CSA2015 Week 12: Time for Tomatoes

IMG_20150826_141405046If there is one crop that is the queen of the garden, it is the tomato. These are the fruits you wait so long for, care for, pamper, boast about or get anxious about.  How you are as a gardener often is reflected on your tomatoes.  Gardeners strive to have the biggest, prettiest, sweetest, and most productive tomatoes.  All this enthusiasm is well justified.  These versatile red globes find their way into family secret sauce, flaming salsa and mouth watering BLTs.  So when it becomes tomato time, there are usually quire a few happy people.

I love the varieties of tomatoes that available today.  Hybrids, Heirlooms, open pollinated, determinate, indeterminate, cheery, pear, beefsteak, heart shaped, red, pink, yellow, orange, white, ribbed smooth, paste and the list goes on an on.  It can be daunting picking out varieties to try each year.

This weeks share has tomatoes.  Both small snacking cherry and some larger beefsteak plus extras if you desire.  The cherries are a mix of brown berry, bumble bee, and Juliet.  In addition there are a couple garden peach and Japanese Trifle Black in the bag.  For the larger ones, there is a mix.  The beautiful orange ones are Kellogg’s Breakfast.  There might be a pink Soldacki, brownish Chocolate Striped, an Aunt Ruby’s Green or some purple ones named Carbon.  While some varieties tent to be more flavorful than others, I really think each year a different tomato comes out on top.   Years ago my Yellow Mortgage lifter were the best tasting tomato ever, last year, not so much.  Usually Kellogg’s breakfast is good and this year is no exception.  The Japanese Black  are excellent this year but two years ago they never developed any flavor.  I guess that is why I plant so many.  You never know what is going to be better on any particular year so I always try to have a variety.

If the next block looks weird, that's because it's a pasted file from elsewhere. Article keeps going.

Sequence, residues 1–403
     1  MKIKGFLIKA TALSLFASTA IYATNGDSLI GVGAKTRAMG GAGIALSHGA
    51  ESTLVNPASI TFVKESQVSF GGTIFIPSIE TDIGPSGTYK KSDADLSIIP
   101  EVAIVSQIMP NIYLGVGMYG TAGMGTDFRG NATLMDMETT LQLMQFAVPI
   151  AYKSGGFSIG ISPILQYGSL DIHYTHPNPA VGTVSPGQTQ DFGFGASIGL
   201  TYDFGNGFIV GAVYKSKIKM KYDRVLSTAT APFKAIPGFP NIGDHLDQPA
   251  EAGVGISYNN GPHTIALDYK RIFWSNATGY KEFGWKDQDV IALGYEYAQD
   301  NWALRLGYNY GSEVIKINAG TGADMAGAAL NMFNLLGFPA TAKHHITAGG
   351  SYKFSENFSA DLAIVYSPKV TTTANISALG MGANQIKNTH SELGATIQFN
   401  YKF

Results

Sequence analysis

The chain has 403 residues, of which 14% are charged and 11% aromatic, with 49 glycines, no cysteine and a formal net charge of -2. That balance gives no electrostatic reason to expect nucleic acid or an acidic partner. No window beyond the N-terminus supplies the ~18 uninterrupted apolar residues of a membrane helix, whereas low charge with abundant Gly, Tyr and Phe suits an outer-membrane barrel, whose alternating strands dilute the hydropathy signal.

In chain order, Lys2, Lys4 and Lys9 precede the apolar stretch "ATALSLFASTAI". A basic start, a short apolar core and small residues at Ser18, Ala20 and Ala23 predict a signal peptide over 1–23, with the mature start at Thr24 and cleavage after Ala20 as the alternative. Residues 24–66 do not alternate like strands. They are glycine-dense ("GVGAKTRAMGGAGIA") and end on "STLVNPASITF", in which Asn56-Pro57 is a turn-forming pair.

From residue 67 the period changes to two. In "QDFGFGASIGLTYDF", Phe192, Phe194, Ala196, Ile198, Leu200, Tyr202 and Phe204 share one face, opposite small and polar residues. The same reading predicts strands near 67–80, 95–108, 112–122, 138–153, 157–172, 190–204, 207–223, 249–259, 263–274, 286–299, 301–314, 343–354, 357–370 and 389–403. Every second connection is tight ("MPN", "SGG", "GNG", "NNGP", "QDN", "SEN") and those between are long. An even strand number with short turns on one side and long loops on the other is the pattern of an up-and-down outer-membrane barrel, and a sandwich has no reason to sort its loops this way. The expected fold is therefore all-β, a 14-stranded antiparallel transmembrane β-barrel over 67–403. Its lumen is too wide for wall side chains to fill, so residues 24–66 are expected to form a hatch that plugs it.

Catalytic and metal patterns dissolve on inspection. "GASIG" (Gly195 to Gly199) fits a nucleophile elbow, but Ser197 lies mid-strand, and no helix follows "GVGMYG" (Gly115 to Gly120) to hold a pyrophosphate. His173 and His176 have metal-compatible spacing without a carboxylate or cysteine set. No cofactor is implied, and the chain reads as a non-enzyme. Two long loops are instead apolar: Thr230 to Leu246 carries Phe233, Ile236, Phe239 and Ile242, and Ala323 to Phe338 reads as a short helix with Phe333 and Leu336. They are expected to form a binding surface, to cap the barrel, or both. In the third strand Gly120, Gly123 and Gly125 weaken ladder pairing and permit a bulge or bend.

Also included into the box is a bundle of kale, flat leaf parsley, beets, carrots, garlic, onions, a bell pepper, fennel bulbs, watermelon radishes, potatoes, cucumbers (Marketmore 76 and Russian Sikkim).

The next few days will filled with the start of the State Fair the start of the Fair.  While it is a busy time it is a fun time and I always enjoy the change of pace and the the opportunity to tour around the Horticulture building.

CSA2015 Week 11: Rain Makes Grain… and Weeds.

CSA2015 week 11Ample rain and two weeks away bring on quite the changes.  Tomatoes overgrow their cages, beans grow feet, carrots thicken, potatoes dry off, corn goes from 0 to 60 and the weeds, well, they have been running amok.  It is not all bad, yes they can put down some crazy number of seeds for the next years but I suppose if mowed and mulched they should add some good organic matter for the following years.

The tomatoes have begun to roll in.  Always a welcomed sight.  However the rain has been a little hard on the quality but as things dry out they should get better.  Eggplants and peppers are also getting into the groove of things.

Also included are some red gold potatoes,  – good for pretty much everything, a mix of carrots, some beets, a few slicer cucumbers, purple beans, and some garlic.

New this week is a bundle of parsnips, celery, a rutabaga, few little pears, corn and zucchini if you so desire, and eggplant. You might find the onions a little soft in the neck.  I should have pulled them before I left but I thought they would make it. However the wet conditions were not anticipated.  Only the yellow Alisa Craig bulbs were affected and the other varieties should dry off well for storage.

In the coming week it is off with the heads of cabbage as another frenzy of kraut making takes place.   Hopefully some potatoes will be unearthed and some clean up of the spend plants and weeds will take place.

Hope the week of eating is great!